hammer, bolt and nut

During the Thanksgiving break I had the pleasure of reading two great articles written by Tatyana Shumsky in the Wall Street Journal.

The first article, Stop Using Excel, Finance Chiefs Tell Staff, was published on 11/29/17. It caused such a response that the very next day, Shumsky wrote a followup piece called Finance Pros Say You’ll Have to Pry Excel Out of Their Cold, Dead Hands. As of this post, both articles garnered a combined 600 comments.

As a data governance practitioner for over a decade, these two articles and subsequent comments reminded me of conversations I have had many times with business and technical people. What I took away from these articles has nothing to do with the limitations of Microsoft Excel from a capability and integration standpoint nor the possibility of retiring Excel from your organization (which will never happen BTW). Rather, it is related to understanding why people ‘WANT TO’ or ‘HAVE TO’ use Excel in the first place.

Understanding the root cause as to why Excel or Access (or any business-managed system) is being used is the key to changing behavior and enacting change in the organization. Data Governance teams should be working with business people to inventory and understand the use of these business-managed systems for all the reasons brought up in Shumsky’s articles. Outlawing the use of these tools will only drive people to other solutions or the use of rogue laptops outside the jurisdiction of the technical team. People will find a way.

So, let’s start here. (This is by no means an exhaustive list.)

Why do people ‘HAVE TO’ use business-managed systems such as Excel?

  • Functionality – Other system(s) do not have the capabilities as required by the business.
  • Analytics – Other system(s) do not have the reporting capabilities as required by the business.
  • Access – People are not granted rights to use the system or related analytics.
  • Time – People cannot get the data in time to act.

For countless reasons not outlined here, the lack of functionality and analytics in these system(s) force the business teams to improvise their own solutions. All too often this means not partnering with their technical counterparts. If you’re Les Stroud, then improvisation is a good thing. But if you’re doing analytics for the annual report, then improvisation is a bad thing. With proper planning and partnership between business and technical people, these types of issues can be mitigated.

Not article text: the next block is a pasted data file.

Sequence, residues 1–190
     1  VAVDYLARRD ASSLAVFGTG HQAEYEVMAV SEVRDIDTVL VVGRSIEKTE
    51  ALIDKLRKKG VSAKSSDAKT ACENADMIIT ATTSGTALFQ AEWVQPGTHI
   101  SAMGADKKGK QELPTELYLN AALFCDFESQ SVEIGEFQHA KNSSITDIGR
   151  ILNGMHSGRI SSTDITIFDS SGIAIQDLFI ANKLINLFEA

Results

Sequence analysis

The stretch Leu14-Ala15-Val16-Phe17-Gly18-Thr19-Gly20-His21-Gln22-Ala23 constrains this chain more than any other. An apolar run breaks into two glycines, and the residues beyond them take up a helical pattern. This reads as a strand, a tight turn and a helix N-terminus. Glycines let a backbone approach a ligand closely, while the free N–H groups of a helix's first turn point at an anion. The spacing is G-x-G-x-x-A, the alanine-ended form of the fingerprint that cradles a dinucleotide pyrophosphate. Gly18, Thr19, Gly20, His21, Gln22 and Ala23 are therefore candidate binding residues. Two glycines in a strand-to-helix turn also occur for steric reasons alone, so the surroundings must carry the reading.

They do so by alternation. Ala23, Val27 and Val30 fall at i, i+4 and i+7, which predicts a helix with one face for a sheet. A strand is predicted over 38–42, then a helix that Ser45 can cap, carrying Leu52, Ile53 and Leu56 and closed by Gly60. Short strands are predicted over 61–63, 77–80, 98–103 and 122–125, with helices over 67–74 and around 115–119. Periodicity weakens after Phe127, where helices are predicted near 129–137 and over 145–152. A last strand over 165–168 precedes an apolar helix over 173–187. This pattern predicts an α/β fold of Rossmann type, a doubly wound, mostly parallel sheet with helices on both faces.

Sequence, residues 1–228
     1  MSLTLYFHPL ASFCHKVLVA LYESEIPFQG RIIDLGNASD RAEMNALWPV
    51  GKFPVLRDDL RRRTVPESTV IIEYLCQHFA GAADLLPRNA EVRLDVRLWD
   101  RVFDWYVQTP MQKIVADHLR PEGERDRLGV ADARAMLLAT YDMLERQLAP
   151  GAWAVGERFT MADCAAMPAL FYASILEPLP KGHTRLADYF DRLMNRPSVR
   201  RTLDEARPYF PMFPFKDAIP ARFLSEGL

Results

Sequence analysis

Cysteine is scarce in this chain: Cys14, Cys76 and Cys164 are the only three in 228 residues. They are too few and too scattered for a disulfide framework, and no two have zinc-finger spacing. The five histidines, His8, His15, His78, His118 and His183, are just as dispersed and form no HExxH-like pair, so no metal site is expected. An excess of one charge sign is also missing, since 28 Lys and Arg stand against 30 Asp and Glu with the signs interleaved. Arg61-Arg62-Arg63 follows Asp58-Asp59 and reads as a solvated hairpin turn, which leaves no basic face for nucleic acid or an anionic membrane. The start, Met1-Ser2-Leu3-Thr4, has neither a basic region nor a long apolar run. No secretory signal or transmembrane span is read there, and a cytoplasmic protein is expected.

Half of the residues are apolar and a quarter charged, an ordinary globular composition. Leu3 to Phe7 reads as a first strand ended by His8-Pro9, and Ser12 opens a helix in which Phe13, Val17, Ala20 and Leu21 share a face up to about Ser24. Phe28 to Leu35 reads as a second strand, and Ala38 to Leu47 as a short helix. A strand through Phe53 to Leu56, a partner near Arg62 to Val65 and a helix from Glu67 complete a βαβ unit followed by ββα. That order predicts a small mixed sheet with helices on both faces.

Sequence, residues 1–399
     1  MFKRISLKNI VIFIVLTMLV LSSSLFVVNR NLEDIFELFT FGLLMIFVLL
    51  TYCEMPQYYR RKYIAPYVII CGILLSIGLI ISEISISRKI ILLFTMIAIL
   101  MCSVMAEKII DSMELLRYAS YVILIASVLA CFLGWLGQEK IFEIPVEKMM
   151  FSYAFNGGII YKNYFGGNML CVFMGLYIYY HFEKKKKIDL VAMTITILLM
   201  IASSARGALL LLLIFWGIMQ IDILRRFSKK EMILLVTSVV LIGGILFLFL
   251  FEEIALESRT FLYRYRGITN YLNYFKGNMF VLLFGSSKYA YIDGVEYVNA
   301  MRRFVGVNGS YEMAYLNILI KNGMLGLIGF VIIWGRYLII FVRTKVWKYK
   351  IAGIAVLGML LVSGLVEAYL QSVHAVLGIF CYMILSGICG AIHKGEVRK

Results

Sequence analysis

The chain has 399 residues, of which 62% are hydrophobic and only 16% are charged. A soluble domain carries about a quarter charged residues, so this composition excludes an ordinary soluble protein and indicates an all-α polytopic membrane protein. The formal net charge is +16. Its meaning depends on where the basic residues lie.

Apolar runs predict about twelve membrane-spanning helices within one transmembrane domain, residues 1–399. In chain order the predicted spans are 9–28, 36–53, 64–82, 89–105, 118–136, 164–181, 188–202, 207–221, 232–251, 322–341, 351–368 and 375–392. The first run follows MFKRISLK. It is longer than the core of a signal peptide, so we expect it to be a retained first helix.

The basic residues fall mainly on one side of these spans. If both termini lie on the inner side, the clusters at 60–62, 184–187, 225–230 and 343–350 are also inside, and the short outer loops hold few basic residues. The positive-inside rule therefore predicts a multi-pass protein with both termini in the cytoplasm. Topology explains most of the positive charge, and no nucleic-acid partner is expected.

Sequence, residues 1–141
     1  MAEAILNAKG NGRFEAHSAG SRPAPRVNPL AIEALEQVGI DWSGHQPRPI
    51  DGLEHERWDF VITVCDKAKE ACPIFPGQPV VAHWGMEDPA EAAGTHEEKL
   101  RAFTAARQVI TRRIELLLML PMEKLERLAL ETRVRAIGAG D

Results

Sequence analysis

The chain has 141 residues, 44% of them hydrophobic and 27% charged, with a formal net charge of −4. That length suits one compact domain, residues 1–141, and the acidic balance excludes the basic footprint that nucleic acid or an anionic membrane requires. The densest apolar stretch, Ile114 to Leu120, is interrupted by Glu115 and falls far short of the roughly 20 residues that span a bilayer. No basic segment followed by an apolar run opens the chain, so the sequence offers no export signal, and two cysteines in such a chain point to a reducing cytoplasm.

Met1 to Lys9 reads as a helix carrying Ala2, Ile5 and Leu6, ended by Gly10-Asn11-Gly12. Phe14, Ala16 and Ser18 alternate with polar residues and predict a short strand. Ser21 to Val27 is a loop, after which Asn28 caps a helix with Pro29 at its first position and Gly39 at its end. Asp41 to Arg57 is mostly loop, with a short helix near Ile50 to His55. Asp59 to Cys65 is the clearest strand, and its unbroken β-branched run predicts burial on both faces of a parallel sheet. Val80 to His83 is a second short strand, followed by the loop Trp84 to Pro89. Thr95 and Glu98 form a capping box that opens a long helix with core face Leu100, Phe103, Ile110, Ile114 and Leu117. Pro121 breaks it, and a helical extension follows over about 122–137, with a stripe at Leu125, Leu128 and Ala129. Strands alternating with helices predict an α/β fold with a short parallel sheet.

The more insidious reasons that are harder to remediate are related to why people ‘WANT TO’ use business managed systems.

  • Change Management – People do not like change. They want the familiarity and comfort of processes, tools, people, and content even as systems or business models change. I have worked with and for companies that did not utilize functionality, or worse, they intentionally disabled it, when implementing a new system simply because no one could envision doing anything in a new way.
  • Trust – People do not trust the content that they are being asked to use. They may not trust it for legitimate reasons. Or they may not trust it for an irrational reason — such as a corporate urban legend! For these people, trust is only created when they control all aspects of the data. I recall working with someone making daily, multi-million dollar decisions in an Access database which resided on their laptop and was one spilled cup of coffee away from disaster. When I mentioned that this data was available in the data warehouse, the person answered without hesitation, “The only data I trust is my data” And that was that.
  • Data Sorcerer – there is always that one person who has the ‘magic’ data consisting of data ingredients from disparate sources that get mixed together in their data cauldron. The Data Sorcerer will tell you not to bother with the data in the data warehouse because their data is better. The problem here — and this is a big, big problem — is that the Data Sorcerer works outside the jurisdiction of IT which means their data cannot be replicated (or verified) by anyone. And yet, the Data Sorcerer becomes the ‘trusted’ source of this content.

These issues are real as evidenced by Shumsky’s articles. Data Governance teams should be attacking these issues daily. The problem is not the use of Excel and other business-managed systems. The problem is failing to understand WHY people use these solutions and then doing something about it.